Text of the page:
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What to read while the coronavirus keeps you in the house

Here are the books to catch up on while you practice social distancing

Real Life by Brandon Taylor

In this era of enforced physical alienation, or as it’s more commonly known, social distancing, it can be an unexpected comfort to delve into a novel that’s all about alienation. Enter Real Life, the debut novel from Brandon Taylor, a story about a black, queer man from Alabama who is working toward a biochemistry degree in a setting that is overwhelmingly straight and white. Drawn from Taylor’s own experiences (before he turned to writing, Taylor himself was a biochemistry researcher), Real Life provides a blistering portrait of a place that is governed as much by small, human pettiness as it is by lofty ideals of logic, objectivity and distance.

Little Fires Everywhere by Celeste Ng

Celeste Ng’s 2017 bestselling novel has been adapted for Hulu.

Blair Imani’s Making Our Way Home is a book that’s ideal for parents who are still reading to their kids and now have even more time than usual to do so.

Photo by Jamie McCarthy/Getty Images

The adaptation stars Kerry Washington as Mia, Reese Witherspoon as Elena and Lu Huang as Bebe. The screen adaptation is just as engrossing as the book. So if you can’t wait for the rest of the episodes to be released to find out how everything ends, the source material is available in digital and dead tree formats.

Kindred by Octavia Butler (graphic novel adaptation by Damian Duffy and John Jennings)

What’s a global pandemic without a little dystopian literature? Kindred, first published in 1979, has long been a science fiction classic. Octavia Butler’s tale, which combines time travel with slave narrative, follows a writer named Dana who shuttles between 1976 Los Angeles and antebellum Maryland, where she meets her ancestors. Though Butler fans have been longing for a screen adaptation for ages, it hasn’t happened. Damian Duffy and John Jennings have translated it into a graphic novel, though, making it ideal for school-aged kids and adults alike. Plus, it’s a perfect prologue for those curious about Antebellum, the upcoming thriller starring Janelle Monáe.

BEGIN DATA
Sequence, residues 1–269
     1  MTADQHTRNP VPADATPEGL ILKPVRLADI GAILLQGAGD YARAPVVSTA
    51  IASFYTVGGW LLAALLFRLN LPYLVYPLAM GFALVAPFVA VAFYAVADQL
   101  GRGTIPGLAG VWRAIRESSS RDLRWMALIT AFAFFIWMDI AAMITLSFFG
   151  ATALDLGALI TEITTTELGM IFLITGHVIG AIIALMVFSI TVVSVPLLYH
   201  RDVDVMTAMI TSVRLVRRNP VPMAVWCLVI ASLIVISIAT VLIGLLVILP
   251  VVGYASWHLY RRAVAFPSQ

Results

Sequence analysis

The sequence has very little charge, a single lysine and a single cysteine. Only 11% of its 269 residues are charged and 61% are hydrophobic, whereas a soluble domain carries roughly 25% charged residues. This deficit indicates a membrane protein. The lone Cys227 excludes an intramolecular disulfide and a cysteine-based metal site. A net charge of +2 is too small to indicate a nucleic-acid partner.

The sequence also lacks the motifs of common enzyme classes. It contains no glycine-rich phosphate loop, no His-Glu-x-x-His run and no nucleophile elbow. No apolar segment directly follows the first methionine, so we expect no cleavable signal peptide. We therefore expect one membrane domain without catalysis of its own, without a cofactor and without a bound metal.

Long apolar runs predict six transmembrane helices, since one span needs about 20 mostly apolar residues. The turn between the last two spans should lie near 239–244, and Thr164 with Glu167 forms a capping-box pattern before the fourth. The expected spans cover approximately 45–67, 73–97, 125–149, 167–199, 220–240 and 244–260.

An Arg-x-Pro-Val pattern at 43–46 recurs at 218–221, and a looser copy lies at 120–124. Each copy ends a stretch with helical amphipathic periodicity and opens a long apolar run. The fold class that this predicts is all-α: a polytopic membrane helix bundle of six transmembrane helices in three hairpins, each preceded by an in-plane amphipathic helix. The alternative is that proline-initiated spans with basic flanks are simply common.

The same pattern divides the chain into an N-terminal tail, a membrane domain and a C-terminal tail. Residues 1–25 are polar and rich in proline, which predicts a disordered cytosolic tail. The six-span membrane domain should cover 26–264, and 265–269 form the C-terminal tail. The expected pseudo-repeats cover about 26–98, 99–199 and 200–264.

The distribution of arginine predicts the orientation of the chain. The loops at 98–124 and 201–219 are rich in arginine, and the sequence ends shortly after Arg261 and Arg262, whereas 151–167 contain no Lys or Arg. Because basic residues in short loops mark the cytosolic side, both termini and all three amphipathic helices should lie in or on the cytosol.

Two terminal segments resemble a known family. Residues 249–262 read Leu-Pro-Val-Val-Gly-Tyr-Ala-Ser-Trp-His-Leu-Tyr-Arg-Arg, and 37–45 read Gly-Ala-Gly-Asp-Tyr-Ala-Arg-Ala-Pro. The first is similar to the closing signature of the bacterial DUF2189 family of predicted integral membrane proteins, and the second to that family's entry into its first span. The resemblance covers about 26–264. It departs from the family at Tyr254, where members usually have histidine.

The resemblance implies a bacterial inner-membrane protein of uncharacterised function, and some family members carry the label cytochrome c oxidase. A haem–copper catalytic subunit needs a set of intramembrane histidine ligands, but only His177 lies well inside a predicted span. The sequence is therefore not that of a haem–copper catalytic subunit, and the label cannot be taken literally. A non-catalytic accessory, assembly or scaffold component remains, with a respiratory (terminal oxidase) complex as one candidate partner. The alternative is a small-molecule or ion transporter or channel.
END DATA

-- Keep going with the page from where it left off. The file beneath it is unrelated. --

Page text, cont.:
Making Our Way Home: The Great Migration and the Black American Dream by Blair Imani

Making Our Way Home: The Great Migration and the Black American Dream is another book that’s ideal for parents who are still reading to their kids and now have even more time than usual to do so. With illustrations by Rachelle Baker, the book provides a bridge between grade school history and Isabel Wilkerson’s The Warmth of Other Suns: The Epic Story of America’s Great Migration. Blair Imani charts how geographical shifts from South to North and rural to urban influenced the major arts, cultural and social movements of the 20th century, all the way up to the dawn of hip-hop.

The Complete Fiction of Nella Larsen by Nella Larsen

With Tessa Thompson and Ruth Negga starring in an upcoming adaptation of Passing, Nella Larsen’s novel from the Harlem Renaissance, this is an opportune time to acquaint yourself with Larsen’s work. The Complete Collection includes Passing, Quicksand and her short stories. “Literature at its best is a prescription. And the best writers imagine us all free,” Marita Golden writes in the forward. As we hunker down, the liberated women of Larsen’s repertoire beckon safely, and bravely, toward something else.

Soraya Nadia McDonald is the senior culture critic for Andscape. She writes about pop culture, fashion, the arts and literature. She is the 2020 winner of the George Jean Nathan prize for dramatic criticism, a 2020 finalist for the Pulitzer Prize in criticism and the runner-up for the 2019 Vernon Jarrett Medal for outstanding reporting on Black life.